Honda Fit EV shown at Los Angeles Auto Show, Nov 2011

Honda Fit EV shown at Los Angeles Auto Show, Nov 2011

Not to be outdone by its fellow carmakers at the 2011 Tokyo Motor Show that opened Wednesday, Honda is putting its faith in three high-tech features in its future models.

Demonstrated with the Fit EV and SH-AWD test vehicles, Honda has shown a reinvention of regenerative braking, introduced a seven-speed dual-clutch transmission for the first time in its vehicles, and an all-wheel drive system that uses electric motors to power the rear wheels.

Regenerative Braking

The concept of regenerative braking is nothing new - it's been a feature of fuel-efficient vehicles since the first hybrids in the late 1990s and marks a vital component of the electric car's armory.

The system can work in two ways. Some systems use the friction brakes to gather the kinetic energy gathered from accelerating that you lose when you slow down. Others use an electric motor as a generator and a form of engine braking, charging the batteries in an electric car or hybrid every time you lift off the accelerator pedal or brake. Several systems use both.

Often the systems can be quite strong, and occasionally intrusive. Honda's system aims to change that, according to plugincars.

The system used in the Fit EV aims to maximize the amount of energy gathered when braking, but reduce the aggressiveness of the regenerative braking effect.

Aggressive braking regen can be good for "one pedal" driving in traffic, where the friction brakes may not be required as lifting off the gas pedal is enough. However, it can also make for quite jerky progress, and inconsistent pedal feel.

Honda's system is apparently a lot smoother and more consistent, but a stronger "B" mode is available for those drivers who like stronger regeneration.

Honda SH-AWD rear-wheel motors

Regular four-wheel drive and all-wheel drive systems can be quite inefficient compared to their two-wheel drive brethren.

The extra friction of having to power two extra wheels uses extra fuel to overcome, so in otherwise like-for-like cars one with four powered wheels will tend to use more fuel.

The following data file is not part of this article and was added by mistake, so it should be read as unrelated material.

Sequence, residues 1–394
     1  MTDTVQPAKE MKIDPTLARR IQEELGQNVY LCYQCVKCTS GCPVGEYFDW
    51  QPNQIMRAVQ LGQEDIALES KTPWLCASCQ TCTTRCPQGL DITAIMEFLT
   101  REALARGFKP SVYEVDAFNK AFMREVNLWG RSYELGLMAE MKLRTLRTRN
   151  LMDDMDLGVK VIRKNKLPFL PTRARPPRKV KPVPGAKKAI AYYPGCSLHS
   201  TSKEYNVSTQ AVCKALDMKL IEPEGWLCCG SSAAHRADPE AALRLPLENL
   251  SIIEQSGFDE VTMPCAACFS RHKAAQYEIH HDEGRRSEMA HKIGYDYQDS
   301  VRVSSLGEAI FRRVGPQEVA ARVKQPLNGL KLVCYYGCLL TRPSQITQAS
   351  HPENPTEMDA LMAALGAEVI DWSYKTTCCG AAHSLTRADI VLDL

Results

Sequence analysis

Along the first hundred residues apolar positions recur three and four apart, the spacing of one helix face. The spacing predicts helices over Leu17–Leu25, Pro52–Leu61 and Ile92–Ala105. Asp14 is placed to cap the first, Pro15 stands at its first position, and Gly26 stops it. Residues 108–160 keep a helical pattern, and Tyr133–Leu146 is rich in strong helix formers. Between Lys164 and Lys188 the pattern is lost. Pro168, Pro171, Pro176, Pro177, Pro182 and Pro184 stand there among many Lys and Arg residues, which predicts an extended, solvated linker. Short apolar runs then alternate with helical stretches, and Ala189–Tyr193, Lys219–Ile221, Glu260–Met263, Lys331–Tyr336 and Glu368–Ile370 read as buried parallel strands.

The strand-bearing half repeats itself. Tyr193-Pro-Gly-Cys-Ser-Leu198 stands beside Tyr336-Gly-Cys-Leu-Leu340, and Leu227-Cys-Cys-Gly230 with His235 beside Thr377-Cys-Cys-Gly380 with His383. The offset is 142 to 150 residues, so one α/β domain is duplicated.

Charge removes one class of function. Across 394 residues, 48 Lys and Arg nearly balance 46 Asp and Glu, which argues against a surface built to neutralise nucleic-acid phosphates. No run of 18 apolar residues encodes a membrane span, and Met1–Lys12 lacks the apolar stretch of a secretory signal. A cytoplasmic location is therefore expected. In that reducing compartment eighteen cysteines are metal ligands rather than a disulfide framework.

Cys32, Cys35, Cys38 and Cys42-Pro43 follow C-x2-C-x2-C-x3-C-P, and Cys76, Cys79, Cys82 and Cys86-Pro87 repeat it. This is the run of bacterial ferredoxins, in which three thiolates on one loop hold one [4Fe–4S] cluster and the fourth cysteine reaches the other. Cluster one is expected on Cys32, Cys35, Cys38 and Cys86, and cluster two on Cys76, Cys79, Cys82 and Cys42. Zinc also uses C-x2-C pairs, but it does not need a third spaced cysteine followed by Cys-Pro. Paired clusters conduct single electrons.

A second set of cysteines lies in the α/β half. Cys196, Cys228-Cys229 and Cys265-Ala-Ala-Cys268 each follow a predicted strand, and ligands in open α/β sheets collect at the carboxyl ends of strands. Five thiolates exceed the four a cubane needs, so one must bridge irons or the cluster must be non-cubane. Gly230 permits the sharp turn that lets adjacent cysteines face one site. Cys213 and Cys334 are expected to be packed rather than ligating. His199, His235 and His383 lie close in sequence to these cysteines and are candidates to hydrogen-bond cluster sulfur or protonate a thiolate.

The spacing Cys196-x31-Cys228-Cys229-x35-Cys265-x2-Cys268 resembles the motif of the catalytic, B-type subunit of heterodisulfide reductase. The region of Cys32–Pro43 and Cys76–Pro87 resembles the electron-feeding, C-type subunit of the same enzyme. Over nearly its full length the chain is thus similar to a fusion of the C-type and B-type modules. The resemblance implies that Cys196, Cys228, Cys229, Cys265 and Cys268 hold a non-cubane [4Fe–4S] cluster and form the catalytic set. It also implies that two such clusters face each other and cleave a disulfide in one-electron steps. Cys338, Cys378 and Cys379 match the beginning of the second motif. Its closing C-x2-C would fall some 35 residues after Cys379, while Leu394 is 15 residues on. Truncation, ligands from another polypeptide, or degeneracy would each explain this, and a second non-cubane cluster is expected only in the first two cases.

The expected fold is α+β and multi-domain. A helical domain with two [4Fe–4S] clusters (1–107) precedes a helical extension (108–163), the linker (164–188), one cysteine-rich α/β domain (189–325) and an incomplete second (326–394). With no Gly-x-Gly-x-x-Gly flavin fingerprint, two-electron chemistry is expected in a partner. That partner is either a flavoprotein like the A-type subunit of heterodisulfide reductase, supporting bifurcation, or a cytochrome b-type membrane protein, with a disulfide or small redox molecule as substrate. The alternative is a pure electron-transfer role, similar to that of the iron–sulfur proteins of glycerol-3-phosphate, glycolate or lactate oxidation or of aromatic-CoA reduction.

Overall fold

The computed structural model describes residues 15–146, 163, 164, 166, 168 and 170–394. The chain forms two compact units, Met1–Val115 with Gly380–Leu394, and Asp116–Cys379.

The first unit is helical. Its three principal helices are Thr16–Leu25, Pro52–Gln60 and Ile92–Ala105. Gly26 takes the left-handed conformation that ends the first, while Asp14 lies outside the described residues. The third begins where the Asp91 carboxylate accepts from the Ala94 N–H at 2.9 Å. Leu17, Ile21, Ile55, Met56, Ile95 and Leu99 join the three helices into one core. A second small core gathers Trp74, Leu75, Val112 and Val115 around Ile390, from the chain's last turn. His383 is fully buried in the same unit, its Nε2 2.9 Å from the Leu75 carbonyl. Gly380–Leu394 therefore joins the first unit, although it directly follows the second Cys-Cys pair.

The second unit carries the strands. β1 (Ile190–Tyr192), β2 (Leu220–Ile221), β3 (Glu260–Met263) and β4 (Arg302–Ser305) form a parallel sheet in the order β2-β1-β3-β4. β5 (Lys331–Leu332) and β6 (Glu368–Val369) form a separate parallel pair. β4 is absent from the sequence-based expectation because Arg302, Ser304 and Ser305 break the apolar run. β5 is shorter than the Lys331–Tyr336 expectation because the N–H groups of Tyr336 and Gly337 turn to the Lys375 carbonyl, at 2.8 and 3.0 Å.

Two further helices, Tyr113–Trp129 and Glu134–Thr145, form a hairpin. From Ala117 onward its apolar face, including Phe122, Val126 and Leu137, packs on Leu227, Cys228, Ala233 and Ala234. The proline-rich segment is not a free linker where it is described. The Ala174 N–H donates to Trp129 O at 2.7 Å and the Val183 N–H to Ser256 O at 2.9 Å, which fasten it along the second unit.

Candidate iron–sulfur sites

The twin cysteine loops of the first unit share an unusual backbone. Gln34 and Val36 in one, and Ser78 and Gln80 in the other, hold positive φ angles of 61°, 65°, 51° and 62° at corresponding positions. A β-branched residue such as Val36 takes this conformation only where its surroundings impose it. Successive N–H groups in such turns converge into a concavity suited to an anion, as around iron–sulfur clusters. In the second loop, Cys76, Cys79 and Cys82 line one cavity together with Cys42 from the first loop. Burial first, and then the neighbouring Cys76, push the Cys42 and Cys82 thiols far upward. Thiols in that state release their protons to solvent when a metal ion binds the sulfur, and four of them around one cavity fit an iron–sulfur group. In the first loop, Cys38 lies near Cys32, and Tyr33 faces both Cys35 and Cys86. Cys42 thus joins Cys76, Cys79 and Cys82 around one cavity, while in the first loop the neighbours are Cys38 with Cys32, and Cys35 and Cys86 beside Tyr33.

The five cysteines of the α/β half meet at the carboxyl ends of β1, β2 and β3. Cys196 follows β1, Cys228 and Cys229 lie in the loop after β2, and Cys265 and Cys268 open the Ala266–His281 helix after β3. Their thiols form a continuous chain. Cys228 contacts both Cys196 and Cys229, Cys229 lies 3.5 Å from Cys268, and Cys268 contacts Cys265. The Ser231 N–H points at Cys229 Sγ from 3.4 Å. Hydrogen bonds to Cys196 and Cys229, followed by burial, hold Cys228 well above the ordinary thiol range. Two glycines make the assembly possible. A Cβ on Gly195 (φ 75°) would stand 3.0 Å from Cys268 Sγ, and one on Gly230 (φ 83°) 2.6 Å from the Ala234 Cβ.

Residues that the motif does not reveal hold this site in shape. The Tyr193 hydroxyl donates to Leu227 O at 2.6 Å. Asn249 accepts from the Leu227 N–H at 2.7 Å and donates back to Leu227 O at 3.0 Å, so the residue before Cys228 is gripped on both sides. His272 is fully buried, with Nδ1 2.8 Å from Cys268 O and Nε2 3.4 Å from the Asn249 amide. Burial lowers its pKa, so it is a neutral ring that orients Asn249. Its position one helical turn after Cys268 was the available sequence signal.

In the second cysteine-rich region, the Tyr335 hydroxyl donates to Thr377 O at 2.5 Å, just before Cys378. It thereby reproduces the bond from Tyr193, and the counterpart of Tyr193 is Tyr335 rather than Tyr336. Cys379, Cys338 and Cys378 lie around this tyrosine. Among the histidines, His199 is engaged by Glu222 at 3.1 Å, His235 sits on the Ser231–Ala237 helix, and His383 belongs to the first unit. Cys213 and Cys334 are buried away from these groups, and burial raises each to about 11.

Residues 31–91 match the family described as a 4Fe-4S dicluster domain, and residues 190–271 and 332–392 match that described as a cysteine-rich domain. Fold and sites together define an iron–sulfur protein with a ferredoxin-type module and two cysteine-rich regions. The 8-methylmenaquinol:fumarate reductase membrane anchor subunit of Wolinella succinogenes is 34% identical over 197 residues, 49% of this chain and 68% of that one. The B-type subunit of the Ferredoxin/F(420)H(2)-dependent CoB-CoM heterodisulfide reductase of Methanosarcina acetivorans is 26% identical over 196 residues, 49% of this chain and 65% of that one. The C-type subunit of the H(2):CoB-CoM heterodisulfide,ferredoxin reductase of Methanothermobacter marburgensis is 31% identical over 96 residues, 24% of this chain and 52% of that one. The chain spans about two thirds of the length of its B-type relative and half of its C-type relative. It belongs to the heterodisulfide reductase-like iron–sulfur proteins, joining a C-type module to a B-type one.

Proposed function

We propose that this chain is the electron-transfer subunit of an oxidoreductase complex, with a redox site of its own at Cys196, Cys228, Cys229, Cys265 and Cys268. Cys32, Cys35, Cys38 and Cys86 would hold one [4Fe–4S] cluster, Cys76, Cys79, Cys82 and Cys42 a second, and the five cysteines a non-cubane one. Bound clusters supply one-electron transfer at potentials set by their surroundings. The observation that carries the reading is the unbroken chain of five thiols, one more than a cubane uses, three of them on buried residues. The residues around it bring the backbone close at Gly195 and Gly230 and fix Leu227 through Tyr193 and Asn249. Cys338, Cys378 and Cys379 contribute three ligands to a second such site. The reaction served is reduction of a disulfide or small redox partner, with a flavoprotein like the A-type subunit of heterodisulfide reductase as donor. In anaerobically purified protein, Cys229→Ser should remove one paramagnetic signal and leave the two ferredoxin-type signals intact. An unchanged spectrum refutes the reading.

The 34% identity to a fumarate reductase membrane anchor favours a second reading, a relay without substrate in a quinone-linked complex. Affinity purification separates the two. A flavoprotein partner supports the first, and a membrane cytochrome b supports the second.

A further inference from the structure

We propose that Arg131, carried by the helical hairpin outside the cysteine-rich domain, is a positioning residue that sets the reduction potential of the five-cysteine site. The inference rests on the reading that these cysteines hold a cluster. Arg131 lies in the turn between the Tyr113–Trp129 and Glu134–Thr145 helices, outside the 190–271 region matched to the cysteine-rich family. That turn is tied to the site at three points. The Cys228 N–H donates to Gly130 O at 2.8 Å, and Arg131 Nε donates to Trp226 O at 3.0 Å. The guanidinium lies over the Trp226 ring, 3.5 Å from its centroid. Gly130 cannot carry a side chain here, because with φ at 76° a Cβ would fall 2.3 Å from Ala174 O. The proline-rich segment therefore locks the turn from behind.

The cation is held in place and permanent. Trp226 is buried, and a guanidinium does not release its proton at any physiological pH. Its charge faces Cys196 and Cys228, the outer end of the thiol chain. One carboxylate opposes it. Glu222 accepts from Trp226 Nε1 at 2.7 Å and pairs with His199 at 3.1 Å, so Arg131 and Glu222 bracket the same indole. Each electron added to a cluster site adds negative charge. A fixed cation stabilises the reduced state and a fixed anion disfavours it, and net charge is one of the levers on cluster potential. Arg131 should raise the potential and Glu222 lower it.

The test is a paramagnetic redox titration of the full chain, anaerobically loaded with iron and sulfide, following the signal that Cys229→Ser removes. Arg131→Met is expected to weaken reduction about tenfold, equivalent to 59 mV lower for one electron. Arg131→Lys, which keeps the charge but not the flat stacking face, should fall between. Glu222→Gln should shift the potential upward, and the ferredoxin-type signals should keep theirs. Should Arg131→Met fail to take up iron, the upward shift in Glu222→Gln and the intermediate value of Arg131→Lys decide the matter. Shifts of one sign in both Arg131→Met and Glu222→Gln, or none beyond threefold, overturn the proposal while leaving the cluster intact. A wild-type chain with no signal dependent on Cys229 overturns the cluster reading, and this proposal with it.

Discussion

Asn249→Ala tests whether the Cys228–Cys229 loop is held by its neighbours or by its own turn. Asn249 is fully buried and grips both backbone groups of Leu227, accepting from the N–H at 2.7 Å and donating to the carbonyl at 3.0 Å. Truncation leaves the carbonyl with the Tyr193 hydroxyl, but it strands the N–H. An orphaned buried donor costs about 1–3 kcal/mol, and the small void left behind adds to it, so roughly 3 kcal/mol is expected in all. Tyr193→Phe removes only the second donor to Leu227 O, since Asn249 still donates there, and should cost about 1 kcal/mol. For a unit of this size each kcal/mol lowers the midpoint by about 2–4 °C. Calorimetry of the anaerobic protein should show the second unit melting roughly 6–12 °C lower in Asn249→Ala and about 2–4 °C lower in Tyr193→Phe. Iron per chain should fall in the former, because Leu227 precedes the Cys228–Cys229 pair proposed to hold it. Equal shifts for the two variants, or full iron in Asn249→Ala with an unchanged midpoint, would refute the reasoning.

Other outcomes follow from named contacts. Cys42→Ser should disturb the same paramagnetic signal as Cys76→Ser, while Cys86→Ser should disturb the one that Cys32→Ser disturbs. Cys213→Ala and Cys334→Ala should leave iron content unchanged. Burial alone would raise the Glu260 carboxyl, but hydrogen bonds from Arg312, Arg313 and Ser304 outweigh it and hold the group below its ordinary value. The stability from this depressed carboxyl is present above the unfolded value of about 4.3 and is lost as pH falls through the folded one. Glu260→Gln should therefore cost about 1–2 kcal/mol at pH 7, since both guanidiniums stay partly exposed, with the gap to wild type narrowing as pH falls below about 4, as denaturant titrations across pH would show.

One way of getting around that is by using a hybrid drivetrain. Not just in the traditional, gasoline-electric sense, but by powering each end of the car differently. In the case of the Honda/Acura SH-AWD, that means feeding gasoline power to the front wheels, and powering the rear wheels with electric motors.

2011 Honda Accord Sedan

2011 Honda Accord Sedan

The same concept has been seen before on the Porsche 911 GT3 RSR - albeit with the gas/electric powertrains at different ends of the car - but in a regular sedan it should make for improved efficiency, as well as all the benefits of improved traction when required.

The system will also be tuned for sporty handling, using the 27-horsepower electric motor to send power or reduce power to whichever rear wheel requires it at any instant during cornering.

7-Speed dual-clutch transmission (DCT)

Double-clutch gearboxes are all the rage at the moment. The bandwagon started with the Volkswagen-Audi group and we've since seen them in everything from diesel hatchbacks in Europe to the Bugatti Veyron.

Honda's 7-speed DCT was another piece of technology to appear in the SH-AWD (Super Handling All-Wheel Drive) test vehicle in Japan. The end not driven by two electric motors uses a V6 engine and 7-speed DCT to transmit its power to the road. Honda claims the setup delivers V8-style power and four-cylinder fuel economy.

Auto Guide (and Car and Driver) speculates that the technology will find its way into a future Acura model (the test vehicle was Accord-based).

Whichever car the hybrid, dual-clutch and regenerative braking technologies find their way into, we see it as a good sign that Honda still cares about making cars with something to tempt the enthusiast driver.